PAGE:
In 1992, Congress set Oct. 26, 2017, for the release of all remaining documents in the Kennedy collection. The National Archives released a batch in July, and five since then, including Friday’s. In late October, President Donald Trump gave the agencies six more months to review any material that might damage national security.
“We don’t pass judgment on the value of the information or draw any conclusions about the content. That’s left for the American people – for journalists, researchers, historians and the like,” said Jay Bosanko, chief operating officer at the National Archives.
Previous batches of documents have revealed the deep ties between U.S. and Mexican intelligence agencies, and the lengths the United States went to in attempts to undermine or assassinate Cuban dictator Fidel Castro.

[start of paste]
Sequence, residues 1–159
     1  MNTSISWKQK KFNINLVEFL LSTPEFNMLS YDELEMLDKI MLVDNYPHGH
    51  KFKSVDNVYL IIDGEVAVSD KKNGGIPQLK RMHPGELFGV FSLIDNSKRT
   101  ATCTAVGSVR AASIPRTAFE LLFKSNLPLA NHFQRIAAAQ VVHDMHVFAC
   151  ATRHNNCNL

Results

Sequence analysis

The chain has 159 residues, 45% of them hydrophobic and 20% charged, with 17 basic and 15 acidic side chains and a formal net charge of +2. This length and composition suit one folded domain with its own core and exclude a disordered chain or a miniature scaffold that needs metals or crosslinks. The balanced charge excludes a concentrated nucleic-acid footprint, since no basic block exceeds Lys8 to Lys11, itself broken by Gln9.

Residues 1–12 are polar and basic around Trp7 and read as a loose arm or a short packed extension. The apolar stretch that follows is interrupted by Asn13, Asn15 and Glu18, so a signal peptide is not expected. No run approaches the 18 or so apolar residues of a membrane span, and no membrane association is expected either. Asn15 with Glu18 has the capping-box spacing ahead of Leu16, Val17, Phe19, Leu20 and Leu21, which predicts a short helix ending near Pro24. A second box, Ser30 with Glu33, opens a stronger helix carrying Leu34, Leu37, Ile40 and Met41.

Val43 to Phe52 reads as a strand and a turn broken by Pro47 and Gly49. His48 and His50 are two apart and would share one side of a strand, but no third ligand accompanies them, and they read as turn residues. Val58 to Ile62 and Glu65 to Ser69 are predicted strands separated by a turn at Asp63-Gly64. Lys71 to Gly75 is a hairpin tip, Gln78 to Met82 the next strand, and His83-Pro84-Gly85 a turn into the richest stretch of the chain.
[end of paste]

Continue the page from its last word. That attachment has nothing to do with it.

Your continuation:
A trove released Oct. 26 included a CIA report showing that Soviet leader Nikita Kruschev believed Dallas police had been an “accessory” to the assassination, because he found it implausible that presidential security was so “inept” for Kennedy to be killed without a conspiracy.
The documents have also revealed serious lapses in the surveillance of Oswald, a former Marine sharpshooter who had defected to the Soviet Union, then returned, then sought to go back. He was in Mexico City seeking visas to Cuba and then the Soviet Union.
Much of the material released Friday likely would not be subject to public disclosure under ordinary open records rules. Such materials provide insight into unrelated investigations, law enforcement techniques, foreign relations and intelligence gathering.